In the midst of current adversity, the Jacksonville University nursing community banded together to engage in initiatives to uplift and aid their colleagues, who are treating victims of the COVID-19 virus.
The idea evolved from Clinical Assistant Professor of Nursing Melissa McRae’s post on her Facebook page about being a drop off site for donated supplies and sewn masks in the Nocatee neighborhood group. After seeing the post, some members of the Keigwin School of Nursing faculty decided that this would be a great way to serve local nurses.
Since then, McRae and Amber Santos, Clinical Assistant Professor of Nursing, expanded the idea to encourage the campus community to participate in other activities to ensure nurses on the front lines of responding to the COVID-19 crisis are safe and respected during these turbulent times.
“We’re still organizing everything, but we had a passion for this and so did our alumni and students,” said Santos. “Nursing students, alumni and faculty had such an interest in helping that we decided to create a separate JU Nursing Facebook page that would be public.”
The public JU Nursing page seeks to connect faculty, students, alumni, or Jacksonville residents who are interested in assisting however they can.
“It’s about more than getting supplies,” said Santos “We also want to be an advocate for nurses through contacting local representatives to demand proper protections for healthcare workers and we’re working on developing some ideas to boost our alumni morale to let them know their JU family care.”
“This is for the long haul,” said Santos “This virus will be going on for a while, and we need to make sure that we gather as much supplies as possible by using Facebook.”
For now, due to a low supply of masks nationwide, many are volunteering to sew masks, including University First Lady Stephanie Cost.
“Mrs. Cost has also been prolific with sewing masks and has made 160 so far to support nurses,” said Santos “We have managed to create a good system so far with just our four faculty members and Mrs. Cost, but we would love for other faculty and staff members outside of our department to get involved” said McRae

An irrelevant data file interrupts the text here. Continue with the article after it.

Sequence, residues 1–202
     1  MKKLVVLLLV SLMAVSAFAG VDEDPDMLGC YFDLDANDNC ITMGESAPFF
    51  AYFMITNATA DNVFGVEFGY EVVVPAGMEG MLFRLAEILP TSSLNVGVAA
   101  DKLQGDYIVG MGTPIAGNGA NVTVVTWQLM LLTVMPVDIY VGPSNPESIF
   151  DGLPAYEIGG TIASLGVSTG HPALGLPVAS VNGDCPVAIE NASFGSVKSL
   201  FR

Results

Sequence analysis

Clinical Nursing Professor Jennifer Willison, retired professor Dian Renfro, and Director of Graduate Nursing programs Hilary Morgan have been sewing masks to donate to hospitals, nursing homes, and alumni.
The group recently provided 230 handsewn masks to Baptist Hospital as coordinated by Professor Leyla Pordeli.
Santos and McRae hope other JU staff and faculty will participate in donating supplies and advocate for nurses as well.
“If anyone has supplies laying around, whether it’s mask or gloves, we could set up some type of drop off schedule to get them to nurses in need,” said McRae.
McRae and Santos plan to help as many Dolphin alumni nurses as possible since many of them work in the local Jacksonville hospitals.
“We look forward to the Facebook pages becoming more expansive in the coming days and faculty and alumni becoming more involved,” said Santos.
Though nursing students are unable to meet in person, they have been making the best of the situation by remaining connected online as well as by phone.
“Our current students are more connected to us now more than ever before,” said Santos. “Students have been reaching out to me for meaningful interactions outside of class and asking how they can help or just checking in about how to move forward.”
McRae and Santos stated that COVID-19 will change how the Nursing Department progresses in terms of safety and flexibility, but they are grateful that the program managed to successfully adapt.
“So far, students have been giving me very positive feedback about online learning,” said McRae. “From the time we got the message that in-person learning would be canceled, we just had a matter of days to change how we deliver education but faculty have done an amazing job with the conversion.”
Santos and McRae agreed that the pandemic has shown many nursing students the importance of their future profession.
“This time is allowing students to refocus on the basics as well as preparation for future viruses and health concerns,” said Santos. “We’ve resorted to more creative alternative methods to learning, but we have all managed to remain pretty positive.”
By Christina Sumpter